The DOT replied several months later saying they would look further into the matter but dismissed several of my options out of hand.

    One option is paddles mounted on top of the adjacent guardrail, but as I noted (and they concured) they don’t work as well with the ‘W’ section metal rails (I have since seen them mounted on a W rail in another location).

    Another option was a hedgerow to block the glare, but this was dismissed as being unsafe since the police couldn’t see the path from the roadway. I meant to write back and mention that they can’t see a large portion of the park from the roadway, but I never did.

    A third option, which they said they would look into, is adding lighting to the path. The addition of ambient lighting cancels out much of the glare (headlights don’t bother you in the daytime for instance). The lighting standards in the center median are a bit too far away to help. This could be done with standard park luminares at a decent spacing. Needless to say, I never heard back from them. I have since moved and lost the letter unfortunately.

    On a related subject, the lights in Riverside Park just north of the waste water treatment plant (Riverbank State park) haven’t worked for years. I wrote to the parks department and called 311 many times to no avail.

  • Charlie D.

    We have the same problem in Boston with the Charles River Path directly adjacent to Storrow Drive/Soldiers Field Rd/Nonantum Road.

    This is one of the big problems with two-way sidepaths adjacent to a roadway. In my opinion, it would be better to have a path in each direction, one on either side of the road, so that bicyclists are always traveling the same direction as traffic.

  • DroveACityCarForYears

    This problem is basically unsolvable given the configuration of the greenway at this point. More reflective striping might help a little, but I doubt it. This time of year, I take Riverside Drive. from About 96th st on.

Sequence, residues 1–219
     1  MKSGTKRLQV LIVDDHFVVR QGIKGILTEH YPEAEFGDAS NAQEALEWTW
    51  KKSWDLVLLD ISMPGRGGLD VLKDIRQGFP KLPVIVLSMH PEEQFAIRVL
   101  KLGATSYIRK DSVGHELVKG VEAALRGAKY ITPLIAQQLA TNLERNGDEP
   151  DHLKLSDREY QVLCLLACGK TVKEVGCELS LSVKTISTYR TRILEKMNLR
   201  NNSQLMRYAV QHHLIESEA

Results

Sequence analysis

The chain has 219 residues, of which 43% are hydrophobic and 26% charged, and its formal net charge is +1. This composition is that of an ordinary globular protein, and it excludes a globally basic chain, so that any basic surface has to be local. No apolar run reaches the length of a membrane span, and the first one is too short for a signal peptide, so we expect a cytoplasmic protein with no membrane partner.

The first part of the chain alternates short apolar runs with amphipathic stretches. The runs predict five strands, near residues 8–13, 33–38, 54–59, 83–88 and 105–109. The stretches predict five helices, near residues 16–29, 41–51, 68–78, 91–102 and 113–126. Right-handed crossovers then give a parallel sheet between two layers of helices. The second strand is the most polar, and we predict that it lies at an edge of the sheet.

• ln

    I also have to take riverside north of 96th st, and really miss riding that stretch home at night in the winter.

    I tried it once, it was terrifying, car lights in your face, inability to see whats in front of you, and the constant feeling that at any moment you might just ride into the river. I know someone that almost did.

    Then when you get to 125, a dark scary route up to washington heights through unlit riverbank park.

    This is an urgent probem and an accident waiting to happen.

    However, regarding engineering of this section, for some reason the water doesnt cover the bike path when cars are regularly drowned on the west side hwy in a rainstorm flood. Fun to ride by the pile ups as cars stall in enormous puddles.

  • KVI

    I’m “the wife that bikes” (from the orig. post) I really appreciate everyone’s comments and interest. I think the reflective tape would be quite helpful and perhaps more to the point it would be a relatively quick and inexpensive fix until the hedgerows (love that idea) grow in—and as of 2 nights ago, the lights north of Riverbank have been on! Not all of them, but many more than in the past. It’s much better. So, don’t give up!

  • Nona

    Same issue on the Belt Parkway bikeway in Brooklyn.

  • Friends,

    I discussed this problem with Riverside Parks administrator John Herrold at the annual meeting of the Riverside Park Fund on November 11. I suggested that the headlight problem could be reduced if conifers (pine trees) were planted between Cherry Walk and the highways. The nice thing about confers is they can shield us in all seasons, as well as reduce noise and pollution.

    Herrold is a cyclist and was sympathetic and interested in this idea. I will direct his attention to this item in Streetsblog so he may respond.

    Three other steps would help improve safety for this stretch of the greenway:

    1. More stencils and signs indicating that cyclists riding in both direction need to stay on the east edge of the path, and pedestrians on the river-side. It’s a bit confusing, because the order changes south of 98th street.

    2. The Parks Departments uses reflective paint to separate cyclists from pedestrian lanes, and it is very helpful to follow that line with a headlight when riding at night. They need to extent these lines AROUND each sides of the 2 small islands with trees that are at about 116th street. Right now, if you follow the line because of the blinding headlights, you will either wander into the pedestrian side at the islands, or crash into the islands themselves!

    3. We cyclists have to be more diligent and through persuasion and peer pressure get all our fellow cyclists and runners who use our greenways to use lights when using these facilities in the evening. More and more cyclists are using lights, but I still encounter too many who don’t. Cyclists without lights after dark are a danger to others, and they need to get with the program!

    I also asked Herrold about the lights that don’t work north of 160th street. He said they (and we!) are the victims of vandals, who come to the park at night, cut the copper wire that runs between the lights, and pull out the cable from the conduit to sell the metal. One solution might be cameras, but they raise civil liberties concerns and they are expensive too. If NYC wants to install them, perhaps they could get some Homeland Security money, since this section of the greenway is also an approach to the GW bridge!